Know Your Ticks: Brown Dog Tick, Deer Tick, and Dog Tick
April to October is the prime time for tick activity as well as the peak time for people to be venturing into the countryside for work and recreation. Tick bites can often pass unnoticed. If you have to go out into areas where ticks may be present here are some tips to follow:
- use the center of the trail if you can
- pull your socks over the bottom of your pants
- wear light colored clothing
- consider using a repellent
- examine yourself and your clothes after each trip
- make sure your pets have proper flea & tick treatment, such as Frontline Plus
Symptoms of tick borne diseases may take days, weeks, or even years to manifest themselves; individual ticks have been known to carry up to three disease carrying microorganisms. Female ticks are more active feeders and therefore the most likely to infect their hosts with a microorganism during blood feeding. However, certain species of ticks are more associated with a particular microorganism than others, and the ability to identify a tick bite, the species, and log when and where the bite occurred could help a health professional towards a diagnosis.
Brown Dog Ticks
The Brown Dog Tick (Rhipicephalus sanguineus) is associated with Babesiosis and Ehrlichiosis and, as its name suggests this tick is most likely to be found on dogs. Unlike many species of ticks, the Brown Dog Tick can spend its entire life cycle indoors and is distributed mainly in warmer climates; the tick can be found throughout Florida. With the female of the species being able to lay 5,000 eggs at one time, home infestations can occur very quickly.
Brown Tick Photo (University Of Florida)
The Brown Dog Tick is red-brown in color, has an elongated body shape, and a hexagonal basis capituli (attaches the head to the body). Prevention of an infestation is easier than trying to eradicate one. Talk to your local Southern States about tick control. Regular treatment of your dog should reduce the chances of a tick attaching itself and successfully feeding.
The Deer Tick also known as the Blacklegged Tick and the Cattle Tick (Ixodes scapularis) is associated with Babesiosis, Ehrlichsiosis, and Lyme Disease.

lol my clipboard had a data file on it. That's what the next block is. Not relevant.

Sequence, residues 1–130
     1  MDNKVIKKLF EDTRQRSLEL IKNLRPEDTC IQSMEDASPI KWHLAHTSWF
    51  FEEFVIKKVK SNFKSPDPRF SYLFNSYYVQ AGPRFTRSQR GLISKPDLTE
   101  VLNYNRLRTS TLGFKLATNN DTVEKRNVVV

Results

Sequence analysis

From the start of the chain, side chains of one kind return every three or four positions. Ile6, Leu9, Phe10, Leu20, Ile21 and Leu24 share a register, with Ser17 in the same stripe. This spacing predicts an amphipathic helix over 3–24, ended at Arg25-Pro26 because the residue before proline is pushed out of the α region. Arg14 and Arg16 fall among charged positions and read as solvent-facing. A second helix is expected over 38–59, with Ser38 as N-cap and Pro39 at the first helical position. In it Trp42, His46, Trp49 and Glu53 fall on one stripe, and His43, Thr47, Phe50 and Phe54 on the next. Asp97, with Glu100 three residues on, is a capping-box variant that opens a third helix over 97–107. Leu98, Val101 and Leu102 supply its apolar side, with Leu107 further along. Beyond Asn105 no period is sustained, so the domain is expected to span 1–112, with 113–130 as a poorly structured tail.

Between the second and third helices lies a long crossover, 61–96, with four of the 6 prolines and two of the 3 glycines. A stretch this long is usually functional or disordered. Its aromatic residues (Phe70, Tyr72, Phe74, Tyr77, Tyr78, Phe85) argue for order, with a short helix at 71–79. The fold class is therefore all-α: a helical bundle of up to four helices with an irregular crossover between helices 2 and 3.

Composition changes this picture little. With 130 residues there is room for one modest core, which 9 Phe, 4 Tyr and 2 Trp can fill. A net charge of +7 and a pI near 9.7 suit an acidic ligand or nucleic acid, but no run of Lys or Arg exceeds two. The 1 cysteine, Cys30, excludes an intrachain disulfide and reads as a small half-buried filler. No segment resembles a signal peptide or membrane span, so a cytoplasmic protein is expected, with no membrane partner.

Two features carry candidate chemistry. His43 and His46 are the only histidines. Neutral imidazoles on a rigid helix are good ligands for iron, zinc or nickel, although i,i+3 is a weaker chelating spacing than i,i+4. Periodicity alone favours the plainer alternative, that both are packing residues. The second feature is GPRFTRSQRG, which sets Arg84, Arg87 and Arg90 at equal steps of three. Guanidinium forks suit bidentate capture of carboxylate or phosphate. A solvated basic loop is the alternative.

Deer Tick Photo (Iowa State University)
The deer tick is widespread in the eastern U.S. from Florida to Maine and reportedly, is expanding its geographical range. Despite its name associating it with deer, the tick has a mobile three host life cycle. The larvae will attach themselves to mammals and birds during August; white footed mice are a favorite. After feeding, the larvae will become nymphs, which will in turn feed on a variety of hosts. Finally, the adult deer ticks will emerge in October and are active throughout the winter, if the temperature is above freezing.
Adult deer ticks favor white tailed deer and are around one eighth of an inch long, dark brown to black in color, with the female the more active feeder, having an orange to red scutum (dorsal shield) at the top of its head.
American Dog Ticks
The Dog Tick (Dermacentor variabilis), also known as the American Dog Tick is associated with Ehrlichiosis, Rocky Mountain Spotted Fever and Tularemia.
American Dog Ticks are widely distributed eastwards from Montana to South Texas, west of the Cascade and Sierra Nevada Mountains in California and in Saskatchewan in Canada. The ticks like to wait for potential hosts on grass and vegetation in fallow fields, overgrown roadsides, and along the edges of paths and trails.
Dog Tick Photo (The University Of Maine)
The larvae and nymphs of the dog tick feed on small mammals; the adult of the species prefers larger mammals such as raccoons, ground hogs, opossum, dogs, and sometimes humans. Before gorging herself on blood, the female dog tick is around three eighths of an inch long. After a blood meal she could be well over half an inch long; males are around one eighth of an inch long whether they have fed or not.
The adult dog tick is oval shaped, reddish brown in color, with a mottling of light grey or silver on its scutum. The ticks over winter in the soil and are most active between mid April to early September but can survive around two years without feeding. After feeding for five to 14 days, an adult female will drop to the ground where she can lay between 5,000-6,500 eggs.